1st Edition

Advancing the Culture of Teaching on Campus How a Teaching Center Can Make a Difference

Edited By Constance Cook, Matthew Kaplan Copyright 2011
    270 Pages
    by Routledge

    270 Pages
    by Routledge

    Written by the director and staff of the first, and one of the largest, teaching centers in American higher education – the University of Michigan’s Center for Research on Learning and Teaching (CRLT) – this book offers a unique perspective on the strategies for making a teaching center integral to an institution’s educational mission. It presents a comprehensive vision for running a wide range of related programs, and provides faculty developers elsewhere with ideas and material to prompt reflection on the management and practices of their centers – whatever their size – and on how best to create a culture of teaching on their campuses. Given that only about a fifth of all U.S. postsecondary institutions have a teaching center, this book also offers a wealth of ideas and models for those administrators who are considering the development of new centers on their campuses.Topics covered include:• The role of the director, budgetary strategies, and operational principles• Strategies for using evaluation to enhance and grow a teaching center• Relationships with center constituencies: faculty, provost, deans, and department chairs• Engagement with curricular reform and assessment• Strengthening diversity through faculty development• Engaging faculty in effective use of instructional technology• Using student feedback for instructional improvement• Using action research to improve teaching and learning• Incorporating role play and theatre in faculty development• Developing graduate students as consultants• Preparing future faculty for teaching• The challenges of faculty development at a research universityIn the concluding chapter, to provide additional context about the issues that teaching centers face today, twenty experienced center directors who operate in similar environments share their main challenges, and the strategies they have developed to overcome them through innovative programming and careful management of their resources. Their contributions fall into four broad categories: institutional-level challenges, engaging faculty and students and supporting engaged pedagogy, discipline-specific programming, and programming to address specific instructor career stages.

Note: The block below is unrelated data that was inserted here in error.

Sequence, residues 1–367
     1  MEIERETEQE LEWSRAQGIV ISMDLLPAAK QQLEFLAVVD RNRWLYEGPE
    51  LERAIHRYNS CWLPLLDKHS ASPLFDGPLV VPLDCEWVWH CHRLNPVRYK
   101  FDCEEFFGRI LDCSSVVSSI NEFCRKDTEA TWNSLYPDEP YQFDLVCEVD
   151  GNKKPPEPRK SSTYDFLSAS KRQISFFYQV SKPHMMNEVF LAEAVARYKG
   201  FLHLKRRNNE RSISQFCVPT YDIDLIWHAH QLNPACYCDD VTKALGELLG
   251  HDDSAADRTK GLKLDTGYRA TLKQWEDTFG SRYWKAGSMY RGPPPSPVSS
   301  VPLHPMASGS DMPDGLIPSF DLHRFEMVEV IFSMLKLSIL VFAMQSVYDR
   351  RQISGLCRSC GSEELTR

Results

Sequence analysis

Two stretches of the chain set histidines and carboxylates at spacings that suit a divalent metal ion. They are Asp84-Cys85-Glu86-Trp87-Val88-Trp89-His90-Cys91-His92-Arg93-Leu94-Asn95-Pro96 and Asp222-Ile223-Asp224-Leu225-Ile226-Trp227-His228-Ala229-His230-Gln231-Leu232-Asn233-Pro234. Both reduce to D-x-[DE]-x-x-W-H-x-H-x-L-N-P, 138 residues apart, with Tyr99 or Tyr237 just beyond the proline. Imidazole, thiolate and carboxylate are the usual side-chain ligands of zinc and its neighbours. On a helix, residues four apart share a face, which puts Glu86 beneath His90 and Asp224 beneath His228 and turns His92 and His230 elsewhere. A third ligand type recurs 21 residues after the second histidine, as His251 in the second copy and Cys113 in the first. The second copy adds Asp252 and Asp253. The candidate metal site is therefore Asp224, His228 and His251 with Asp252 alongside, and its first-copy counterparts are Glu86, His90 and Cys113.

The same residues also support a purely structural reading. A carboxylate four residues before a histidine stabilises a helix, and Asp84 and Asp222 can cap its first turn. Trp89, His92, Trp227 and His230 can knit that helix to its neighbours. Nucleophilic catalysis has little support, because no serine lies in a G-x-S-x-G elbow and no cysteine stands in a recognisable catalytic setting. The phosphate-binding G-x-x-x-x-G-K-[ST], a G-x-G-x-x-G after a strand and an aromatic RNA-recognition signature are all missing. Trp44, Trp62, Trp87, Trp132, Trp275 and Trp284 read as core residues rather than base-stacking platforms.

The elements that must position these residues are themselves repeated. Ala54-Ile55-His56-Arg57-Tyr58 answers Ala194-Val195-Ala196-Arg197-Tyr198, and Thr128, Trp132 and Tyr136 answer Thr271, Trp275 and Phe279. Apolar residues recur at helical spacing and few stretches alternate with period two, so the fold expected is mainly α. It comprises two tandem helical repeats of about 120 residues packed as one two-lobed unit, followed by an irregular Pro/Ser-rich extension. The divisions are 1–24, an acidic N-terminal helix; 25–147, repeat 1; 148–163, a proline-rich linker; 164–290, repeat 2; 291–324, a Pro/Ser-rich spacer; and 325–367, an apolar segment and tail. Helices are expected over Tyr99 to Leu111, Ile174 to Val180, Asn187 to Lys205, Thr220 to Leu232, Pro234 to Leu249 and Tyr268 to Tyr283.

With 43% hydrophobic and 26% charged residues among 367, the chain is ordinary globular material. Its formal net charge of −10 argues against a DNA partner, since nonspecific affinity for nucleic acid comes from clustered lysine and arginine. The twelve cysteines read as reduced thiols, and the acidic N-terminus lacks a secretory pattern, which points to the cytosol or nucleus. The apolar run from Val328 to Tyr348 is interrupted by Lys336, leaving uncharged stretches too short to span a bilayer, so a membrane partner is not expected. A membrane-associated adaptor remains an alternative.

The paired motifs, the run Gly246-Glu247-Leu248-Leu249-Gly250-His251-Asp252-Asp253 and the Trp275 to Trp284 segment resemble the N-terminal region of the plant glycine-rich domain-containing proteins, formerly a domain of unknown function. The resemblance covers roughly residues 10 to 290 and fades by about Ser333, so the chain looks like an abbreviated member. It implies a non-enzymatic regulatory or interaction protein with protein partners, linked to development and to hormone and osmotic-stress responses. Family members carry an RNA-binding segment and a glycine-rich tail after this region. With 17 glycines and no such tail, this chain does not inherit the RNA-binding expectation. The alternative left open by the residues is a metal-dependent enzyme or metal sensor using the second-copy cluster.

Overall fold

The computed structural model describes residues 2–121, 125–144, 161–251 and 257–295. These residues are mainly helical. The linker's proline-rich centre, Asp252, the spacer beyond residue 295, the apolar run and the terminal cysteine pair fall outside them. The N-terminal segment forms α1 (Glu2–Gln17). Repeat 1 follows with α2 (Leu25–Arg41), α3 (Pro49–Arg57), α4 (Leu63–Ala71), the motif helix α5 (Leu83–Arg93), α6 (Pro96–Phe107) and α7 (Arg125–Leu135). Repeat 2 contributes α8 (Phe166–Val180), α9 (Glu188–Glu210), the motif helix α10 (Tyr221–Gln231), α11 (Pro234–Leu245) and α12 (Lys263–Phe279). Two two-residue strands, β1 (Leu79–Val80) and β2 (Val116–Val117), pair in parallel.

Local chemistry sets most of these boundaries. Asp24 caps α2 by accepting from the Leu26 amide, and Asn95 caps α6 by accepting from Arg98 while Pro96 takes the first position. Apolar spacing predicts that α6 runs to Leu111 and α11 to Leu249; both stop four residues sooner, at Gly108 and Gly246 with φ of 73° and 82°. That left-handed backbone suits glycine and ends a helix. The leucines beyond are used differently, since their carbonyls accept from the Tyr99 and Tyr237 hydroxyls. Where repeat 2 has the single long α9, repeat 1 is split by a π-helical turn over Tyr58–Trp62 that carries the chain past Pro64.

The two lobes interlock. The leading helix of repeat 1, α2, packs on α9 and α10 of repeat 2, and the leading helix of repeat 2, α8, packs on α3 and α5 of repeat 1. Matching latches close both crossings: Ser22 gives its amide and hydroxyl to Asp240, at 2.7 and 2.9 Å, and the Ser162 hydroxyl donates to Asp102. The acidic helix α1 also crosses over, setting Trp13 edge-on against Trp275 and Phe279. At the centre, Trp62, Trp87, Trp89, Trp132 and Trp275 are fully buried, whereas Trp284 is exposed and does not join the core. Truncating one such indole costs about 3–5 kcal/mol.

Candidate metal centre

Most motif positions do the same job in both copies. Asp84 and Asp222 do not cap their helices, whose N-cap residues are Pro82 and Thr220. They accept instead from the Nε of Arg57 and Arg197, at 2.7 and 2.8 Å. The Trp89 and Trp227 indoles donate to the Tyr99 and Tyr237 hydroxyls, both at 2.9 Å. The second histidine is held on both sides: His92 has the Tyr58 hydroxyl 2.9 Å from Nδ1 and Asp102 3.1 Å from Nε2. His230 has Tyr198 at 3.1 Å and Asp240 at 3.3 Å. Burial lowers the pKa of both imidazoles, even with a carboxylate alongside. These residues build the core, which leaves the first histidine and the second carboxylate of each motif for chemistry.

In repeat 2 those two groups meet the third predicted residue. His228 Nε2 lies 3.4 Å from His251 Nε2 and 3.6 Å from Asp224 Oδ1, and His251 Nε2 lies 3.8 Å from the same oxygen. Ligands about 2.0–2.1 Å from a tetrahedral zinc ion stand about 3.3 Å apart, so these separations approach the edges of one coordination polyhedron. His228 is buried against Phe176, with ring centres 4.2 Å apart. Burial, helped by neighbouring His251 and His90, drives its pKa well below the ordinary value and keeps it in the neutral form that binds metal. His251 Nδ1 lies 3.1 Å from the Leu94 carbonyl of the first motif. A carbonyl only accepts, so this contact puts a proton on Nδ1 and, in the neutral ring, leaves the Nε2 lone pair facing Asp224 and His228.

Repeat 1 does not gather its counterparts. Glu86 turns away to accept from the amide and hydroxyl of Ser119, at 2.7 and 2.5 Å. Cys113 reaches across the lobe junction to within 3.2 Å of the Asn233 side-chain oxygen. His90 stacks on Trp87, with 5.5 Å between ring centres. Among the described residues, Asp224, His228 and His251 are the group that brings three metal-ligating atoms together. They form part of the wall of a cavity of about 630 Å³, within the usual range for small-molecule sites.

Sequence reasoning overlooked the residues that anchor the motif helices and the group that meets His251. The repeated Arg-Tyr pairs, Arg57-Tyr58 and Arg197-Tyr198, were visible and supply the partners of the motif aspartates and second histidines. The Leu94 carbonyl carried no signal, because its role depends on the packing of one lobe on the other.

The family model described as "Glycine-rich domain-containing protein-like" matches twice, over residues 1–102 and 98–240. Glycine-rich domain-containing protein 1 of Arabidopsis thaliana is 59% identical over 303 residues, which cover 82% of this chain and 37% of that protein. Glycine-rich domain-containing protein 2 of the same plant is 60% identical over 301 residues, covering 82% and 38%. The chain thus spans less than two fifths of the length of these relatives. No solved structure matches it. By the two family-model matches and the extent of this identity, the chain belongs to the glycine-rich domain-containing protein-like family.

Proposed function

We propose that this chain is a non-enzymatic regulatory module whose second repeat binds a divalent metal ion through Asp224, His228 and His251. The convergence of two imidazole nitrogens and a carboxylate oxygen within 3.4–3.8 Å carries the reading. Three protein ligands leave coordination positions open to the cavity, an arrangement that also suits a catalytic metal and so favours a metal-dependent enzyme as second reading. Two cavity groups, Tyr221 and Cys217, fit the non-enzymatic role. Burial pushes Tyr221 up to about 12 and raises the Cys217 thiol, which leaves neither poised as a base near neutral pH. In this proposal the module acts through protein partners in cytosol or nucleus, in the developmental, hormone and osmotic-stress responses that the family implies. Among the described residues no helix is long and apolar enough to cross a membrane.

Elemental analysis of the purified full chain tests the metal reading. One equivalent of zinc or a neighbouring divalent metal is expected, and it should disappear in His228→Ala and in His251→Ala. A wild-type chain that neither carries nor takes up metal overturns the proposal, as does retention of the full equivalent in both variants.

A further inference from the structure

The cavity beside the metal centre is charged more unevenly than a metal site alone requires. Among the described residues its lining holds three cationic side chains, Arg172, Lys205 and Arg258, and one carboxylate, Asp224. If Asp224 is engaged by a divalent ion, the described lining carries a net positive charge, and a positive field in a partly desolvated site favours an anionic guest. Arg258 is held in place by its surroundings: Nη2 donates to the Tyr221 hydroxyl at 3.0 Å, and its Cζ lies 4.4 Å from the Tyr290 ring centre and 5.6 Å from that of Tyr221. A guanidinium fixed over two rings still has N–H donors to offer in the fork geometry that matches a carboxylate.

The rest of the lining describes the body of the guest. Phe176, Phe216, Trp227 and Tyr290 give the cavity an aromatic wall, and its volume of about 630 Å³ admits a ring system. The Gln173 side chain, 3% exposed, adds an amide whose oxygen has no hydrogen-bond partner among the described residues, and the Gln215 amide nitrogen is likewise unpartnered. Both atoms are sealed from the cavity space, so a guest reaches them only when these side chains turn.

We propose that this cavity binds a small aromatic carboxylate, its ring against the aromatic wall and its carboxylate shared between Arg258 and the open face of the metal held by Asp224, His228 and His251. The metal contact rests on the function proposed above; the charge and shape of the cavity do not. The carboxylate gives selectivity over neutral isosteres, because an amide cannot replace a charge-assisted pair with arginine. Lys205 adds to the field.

FOREWORD Lester P. Monts INTRODUCTION CRLT and Its Role at the University of Michigan Constance E. Cook PART ONE. LEADERSHIP AND CORE FUNCTIONS 1. LEADING A TEACHING CENTER Constance E. Cook 2. MEASURING A TEACHING CENTER’S EFFECTIVENESS Mary C. Wright 3. FORGING RELATIONSHIPS WITH FACULTY AND ACADEMIC ADMINISTRATORS Constance E. Cook and Deborah S. Meizlish 4. CONSULTATIONS ON TEACHING Using Student Feedback for Instructional Improvement Cynthia J. Finelli, Tershia Pinder-Grover, and Mary C. Wright 5. GRADUATE PEER TEACHING CONSULTANTS Expanding the Center’s Reach Tershia Pinder-Grover, Mary C. Wright, and Deborah S. Meizlish 6. APPROACHES TO PREPARING FUTURE FACULTY FOR TEACHING Chad Hershock, Christopher R. Groscurth, and Stiliana Milkova PART TWO. SPECIAL EMPHASES AT CRLT 7. THE ROLE OF A TEACHING CENTER IN CURRICULAR REFORM AND ASSESSMENT Constance E. Cook, Deborah S. Meizlish, and Mary C. Wright 8. STRENGTHENING DIVERSITY THROUGH FACULTY DEVELOPMENT Crisca Bierwert 9. ENGAGING FACULTY IN EFFECTIVE USE OF INSTRUCTIONAL TECHNOLOGY Erping Zhu, Matthew Kaplan, and Charles Dershimer 10. ACTION RESEARCH FOR INSTRUCTIONAL IMPROVEMENT Chad Hershock, Constance E. Cook, Mary C. Wright, and Christopher O’Neal 11. ROLE-PLAY AND BEYOND Strategies for Incorporating Theatre Into Faculty Development Matthew Kaplan and Jeffrey Steiger CONCLUSION Responding to Challenges Faced by Teaching Centers at Research Universities Matthew Kaplan with contributions from. Terry Aladjem, Lori Breslow, Susanna Calkins, Deborah DeZure, Robyn Dunbar, Jean C. Florman, Marne Helgesen, Alan Kalish, David Langley, Gregory Light, Angela Linse, Michele Marincovich, Joan Middendorf, Allison Pingree, William C. Rando, Mary Deane Sorcinelli, Kathy Takayama, Pratibha Varma-Nelson, Suzanne Weinstein, and Mary-Ann Winkelmes REFERENCES ABOUT THE EDITORS AND CONTRIBUTORS INDEX